Most of the web news is focusing on New Orleans and the Louisiana coast in the hurricane Katrina story, but it appears that the Mississippi Coast is taking the brunt of landfall. This is something that concerns Deborama very much, as her mother, father, sister, brother-in-law and nephew all live in Gulfport. The live CNN and Fox News reports from the beach in Gulfport are very frightening. I am waiting for it to be a little later and then I will phone the other sister in Hattiesburg to see if the parents got evacuated and are up in Hattiesburg. I also have a young friend, mainly a friend of daughter Aimee, who lives in New Orleans. Apparently 80% of New Orleans is evacuated. Of course the concern there, apart from the possible loss of life, is the devastation that will result if the levees are breached and the petroleum wastes, toxic chemicals and septic tank contents flood New Orleans, which is up to 10 feet below sea level in places.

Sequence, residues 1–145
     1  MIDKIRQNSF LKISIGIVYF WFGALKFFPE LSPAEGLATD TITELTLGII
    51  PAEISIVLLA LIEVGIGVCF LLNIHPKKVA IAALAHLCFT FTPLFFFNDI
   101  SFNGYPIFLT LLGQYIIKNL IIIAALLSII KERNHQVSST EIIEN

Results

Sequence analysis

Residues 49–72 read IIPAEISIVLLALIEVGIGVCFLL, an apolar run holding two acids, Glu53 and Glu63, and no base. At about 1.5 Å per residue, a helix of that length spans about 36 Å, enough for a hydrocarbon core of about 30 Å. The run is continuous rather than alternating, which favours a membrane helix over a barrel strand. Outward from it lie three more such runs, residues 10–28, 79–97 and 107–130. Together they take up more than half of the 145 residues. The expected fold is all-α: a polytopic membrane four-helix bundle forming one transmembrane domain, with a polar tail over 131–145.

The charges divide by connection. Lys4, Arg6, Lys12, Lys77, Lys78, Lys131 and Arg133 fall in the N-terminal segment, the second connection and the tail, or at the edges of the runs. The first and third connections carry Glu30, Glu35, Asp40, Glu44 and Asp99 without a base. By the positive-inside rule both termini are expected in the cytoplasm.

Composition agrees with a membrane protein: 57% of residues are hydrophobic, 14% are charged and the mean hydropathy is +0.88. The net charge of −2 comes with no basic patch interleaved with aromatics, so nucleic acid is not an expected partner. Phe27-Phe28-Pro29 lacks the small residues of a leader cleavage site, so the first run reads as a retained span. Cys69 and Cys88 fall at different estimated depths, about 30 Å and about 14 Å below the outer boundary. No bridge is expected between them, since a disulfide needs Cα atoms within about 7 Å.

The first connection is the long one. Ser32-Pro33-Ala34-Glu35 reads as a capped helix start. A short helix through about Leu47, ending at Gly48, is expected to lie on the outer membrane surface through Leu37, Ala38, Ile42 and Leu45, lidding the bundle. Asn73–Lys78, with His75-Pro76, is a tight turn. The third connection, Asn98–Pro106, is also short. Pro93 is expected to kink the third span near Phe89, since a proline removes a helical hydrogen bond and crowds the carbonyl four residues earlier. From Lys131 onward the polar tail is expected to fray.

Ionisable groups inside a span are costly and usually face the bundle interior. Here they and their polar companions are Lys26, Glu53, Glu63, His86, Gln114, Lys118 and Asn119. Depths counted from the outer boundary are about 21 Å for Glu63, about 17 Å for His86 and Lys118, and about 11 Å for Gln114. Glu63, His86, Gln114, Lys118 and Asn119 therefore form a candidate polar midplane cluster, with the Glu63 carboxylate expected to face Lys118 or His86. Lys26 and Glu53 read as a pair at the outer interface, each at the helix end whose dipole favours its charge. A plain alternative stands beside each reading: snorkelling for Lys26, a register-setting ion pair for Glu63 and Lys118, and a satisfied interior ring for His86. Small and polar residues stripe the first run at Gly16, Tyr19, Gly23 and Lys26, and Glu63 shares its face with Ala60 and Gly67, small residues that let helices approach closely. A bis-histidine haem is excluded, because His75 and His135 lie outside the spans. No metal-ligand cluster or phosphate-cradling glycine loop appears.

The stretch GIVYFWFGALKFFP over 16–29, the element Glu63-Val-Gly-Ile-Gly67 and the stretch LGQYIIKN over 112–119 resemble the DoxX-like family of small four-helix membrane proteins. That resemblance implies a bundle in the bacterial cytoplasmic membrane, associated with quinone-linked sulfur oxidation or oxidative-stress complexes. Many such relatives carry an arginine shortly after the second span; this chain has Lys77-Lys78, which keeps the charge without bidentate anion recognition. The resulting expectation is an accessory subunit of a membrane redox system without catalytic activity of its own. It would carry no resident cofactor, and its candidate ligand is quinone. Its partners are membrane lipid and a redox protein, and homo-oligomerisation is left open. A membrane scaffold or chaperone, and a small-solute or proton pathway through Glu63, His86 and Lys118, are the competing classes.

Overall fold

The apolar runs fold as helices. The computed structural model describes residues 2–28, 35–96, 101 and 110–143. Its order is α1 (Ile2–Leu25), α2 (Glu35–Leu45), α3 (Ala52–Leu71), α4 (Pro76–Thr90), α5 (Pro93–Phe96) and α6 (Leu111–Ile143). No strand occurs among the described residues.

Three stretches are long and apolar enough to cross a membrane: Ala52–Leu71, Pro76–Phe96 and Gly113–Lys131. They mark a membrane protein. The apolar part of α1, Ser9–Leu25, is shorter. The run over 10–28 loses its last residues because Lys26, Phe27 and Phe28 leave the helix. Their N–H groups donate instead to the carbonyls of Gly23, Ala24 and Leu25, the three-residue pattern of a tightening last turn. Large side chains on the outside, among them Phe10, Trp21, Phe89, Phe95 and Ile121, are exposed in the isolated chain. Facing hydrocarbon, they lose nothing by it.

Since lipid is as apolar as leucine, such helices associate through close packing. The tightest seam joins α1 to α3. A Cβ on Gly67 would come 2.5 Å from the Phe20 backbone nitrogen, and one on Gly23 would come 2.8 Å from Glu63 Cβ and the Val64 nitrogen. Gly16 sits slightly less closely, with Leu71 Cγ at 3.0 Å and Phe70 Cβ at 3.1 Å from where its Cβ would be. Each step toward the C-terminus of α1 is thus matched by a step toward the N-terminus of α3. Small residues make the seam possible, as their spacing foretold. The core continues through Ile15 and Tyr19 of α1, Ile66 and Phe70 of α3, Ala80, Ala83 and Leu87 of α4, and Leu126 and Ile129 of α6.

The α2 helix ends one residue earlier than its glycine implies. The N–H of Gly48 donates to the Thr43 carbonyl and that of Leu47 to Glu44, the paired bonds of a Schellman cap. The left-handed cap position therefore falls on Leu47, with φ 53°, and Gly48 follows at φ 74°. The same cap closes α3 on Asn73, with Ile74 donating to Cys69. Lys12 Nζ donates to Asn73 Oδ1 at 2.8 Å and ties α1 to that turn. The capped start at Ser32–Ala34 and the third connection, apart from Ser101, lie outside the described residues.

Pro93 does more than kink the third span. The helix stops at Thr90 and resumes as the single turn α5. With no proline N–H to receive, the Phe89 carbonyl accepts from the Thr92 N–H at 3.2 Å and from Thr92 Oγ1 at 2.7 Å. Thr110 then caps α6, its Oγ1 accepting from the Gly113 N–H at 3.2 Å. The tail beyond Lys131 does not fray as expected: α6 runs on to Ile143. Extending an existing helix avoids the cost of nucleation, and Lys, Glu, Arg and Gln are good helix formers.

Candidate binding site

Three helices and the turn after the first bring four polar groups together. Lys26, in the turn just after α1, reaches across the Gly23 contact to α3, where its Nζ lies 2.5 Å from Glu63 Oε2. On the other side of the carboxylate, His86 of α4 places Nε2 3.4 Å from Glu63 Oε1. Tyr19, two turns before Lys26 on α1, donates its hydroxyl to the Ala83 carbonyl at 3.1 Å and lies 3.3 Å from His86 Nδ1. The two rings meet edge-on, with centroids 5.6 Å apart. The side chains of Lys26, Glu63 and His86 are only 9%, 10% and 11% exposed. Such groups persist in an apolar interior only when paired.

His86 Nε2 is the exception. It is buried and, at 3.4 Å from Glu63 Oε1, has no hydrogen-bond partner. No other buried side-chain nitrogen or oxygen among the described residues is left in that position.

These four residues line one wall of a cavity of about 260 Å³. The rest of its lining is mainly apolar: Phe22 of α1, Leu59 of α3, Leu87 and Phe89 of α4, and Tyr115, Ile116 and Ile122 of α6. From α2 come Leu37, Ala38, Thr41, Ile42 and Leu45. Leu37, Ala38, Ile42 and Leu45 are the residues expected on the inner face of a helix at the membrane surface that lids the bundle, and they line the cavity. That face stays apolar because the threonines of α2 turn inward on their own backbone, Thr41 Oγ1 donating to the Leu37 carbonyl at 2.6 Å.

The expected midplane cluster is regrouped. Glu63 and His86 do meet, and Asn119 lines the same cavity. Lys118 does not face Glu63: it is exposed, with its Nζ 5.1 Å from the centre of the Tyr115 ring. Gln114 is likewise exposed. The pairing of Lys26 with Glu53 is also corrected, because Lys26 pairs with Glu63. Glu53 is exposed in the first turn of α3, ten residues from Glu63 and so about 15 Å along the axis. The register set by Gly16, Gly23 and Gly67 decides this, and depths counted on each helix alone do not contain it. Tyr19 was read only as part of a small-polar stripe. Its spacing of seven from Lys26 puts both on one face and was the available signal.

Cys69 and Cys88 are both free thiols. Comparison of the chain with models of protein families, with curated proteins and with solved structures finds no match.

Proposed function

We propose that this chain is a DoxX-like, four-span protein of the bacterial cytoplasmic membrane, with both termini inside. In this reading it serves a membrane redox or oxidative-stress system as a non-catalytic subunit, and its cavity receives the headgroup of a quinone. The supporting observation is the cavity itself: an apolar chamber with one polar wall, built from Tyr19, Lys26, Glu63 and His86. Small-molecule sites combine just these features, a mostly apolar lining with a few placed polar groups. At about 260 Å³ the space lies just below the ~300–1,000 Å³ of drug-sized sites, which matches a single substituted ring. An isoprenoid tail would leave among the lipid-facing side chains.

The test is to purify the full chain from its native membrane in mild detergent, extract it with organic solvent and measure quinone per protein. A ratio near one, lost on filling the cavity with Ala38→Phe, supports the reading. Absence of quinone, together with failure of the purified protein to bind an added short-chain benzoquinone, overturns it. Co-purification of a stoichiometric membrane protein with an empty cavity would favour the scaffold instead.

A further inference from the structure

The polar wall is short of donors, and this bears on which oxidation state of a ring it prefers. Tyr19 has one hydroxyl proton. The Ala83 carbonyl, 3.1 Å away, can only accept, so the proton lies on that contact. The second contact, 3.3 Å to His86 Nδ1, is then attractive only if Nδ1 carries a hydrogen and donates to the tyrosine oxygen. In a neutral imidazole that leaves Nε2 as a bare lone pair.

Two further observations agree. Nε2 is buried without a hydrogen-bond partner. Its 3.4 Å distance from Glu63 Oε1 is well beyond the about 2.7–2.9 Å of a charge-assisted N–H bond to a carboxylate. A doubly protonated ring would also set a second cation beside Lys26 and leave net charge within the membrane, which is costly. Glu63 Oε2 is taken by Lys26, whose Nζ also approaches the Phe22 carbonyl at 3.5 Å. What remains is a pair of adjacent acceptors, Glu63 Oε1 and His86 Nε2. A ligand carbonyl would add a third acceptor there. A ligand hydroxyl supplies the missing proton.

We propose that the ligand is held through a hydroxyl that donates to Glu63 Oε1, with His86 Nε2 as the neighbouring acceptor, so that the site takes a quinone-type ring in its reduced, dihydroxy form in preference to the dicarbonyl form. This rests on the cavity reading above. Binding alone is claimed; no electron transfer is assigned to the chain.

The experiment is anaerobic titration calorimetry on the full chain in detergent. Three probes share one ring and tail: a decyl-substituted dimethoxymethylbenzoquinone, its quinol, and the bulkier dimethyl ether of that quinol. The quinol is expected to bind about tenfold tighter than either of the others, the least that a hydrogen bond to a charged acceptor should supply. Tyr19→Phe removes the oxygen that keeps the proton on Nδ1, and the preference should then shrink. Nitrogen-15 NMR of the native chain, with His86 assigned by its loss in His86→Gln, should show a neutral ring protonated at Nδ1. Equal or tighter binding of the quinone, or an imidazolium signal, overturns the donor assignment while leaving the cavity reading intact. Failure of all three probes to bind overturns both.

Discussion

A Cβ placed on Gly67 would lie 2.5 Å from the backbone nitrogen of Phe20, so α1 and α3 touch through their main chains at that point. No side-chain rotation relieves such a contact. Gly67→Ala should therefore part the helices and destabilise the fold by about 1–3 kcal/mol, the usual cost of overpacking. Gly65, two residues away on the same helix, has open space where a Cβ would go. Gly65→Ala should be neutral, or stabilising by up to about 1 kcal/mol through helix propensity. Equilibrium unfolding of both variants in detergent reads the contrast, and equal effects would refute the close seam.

29 August 2005
25 August 2005
I am posting this from my new laptop. Sorry for the huge lapse in blogging. Going back to work (11 hours per day), and trying to keep up the momentum of my new healthy lifestyle (10 hours per day, including 7 hours for sleep), and spend at least a little time with DH(3 to 4 hours per day), none of which can be done simultaneously, simply does not leave time for blogging. Something's gotta give! Any suggestions?
Posted by Debra Keefer Ramage at 21:40
20 August 2005
This article from the Washington Post details how the current US administration is gradually coming to realise that their initial "plans" for post-war Iraq were based on a very faulty understanding of Iraqi history and politics. With all the government officials being quoted anonymously, it appears that they are still rather skittish about openly admitting the unrealistic and even naive nature of the original ambitions for a unified, secular, pro-western government to emerge after the "liberation" from Saddam Hussein.